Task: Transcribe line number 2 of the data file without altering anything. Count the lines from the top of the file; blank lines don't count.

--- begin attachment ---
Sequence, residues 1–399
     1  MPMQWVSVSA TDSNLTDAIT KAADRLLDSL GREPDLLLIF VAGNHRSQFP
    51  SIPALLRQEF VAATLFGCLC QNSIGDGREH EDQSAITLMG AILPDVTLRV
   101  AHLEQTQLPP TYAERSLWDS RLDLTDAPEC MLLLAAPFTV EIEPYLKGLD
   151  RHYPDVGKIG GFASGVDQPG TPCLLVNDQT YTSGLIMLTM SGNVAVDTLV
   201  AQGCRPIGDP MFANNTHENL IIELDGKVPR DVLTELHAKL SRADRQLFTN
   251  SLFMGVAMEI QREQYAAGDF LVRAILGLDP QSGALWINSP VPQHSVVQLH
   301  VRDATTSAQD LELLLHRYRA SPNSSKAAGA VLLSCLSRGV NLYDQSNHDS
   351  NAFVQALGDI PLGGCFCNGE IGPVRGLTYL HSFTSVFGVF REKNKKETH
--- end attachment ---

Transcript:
     1  MPMQWVSVSA TDSNLTDAIT KAADRLLDSL GREPDLLLIF VAGNHRSQFP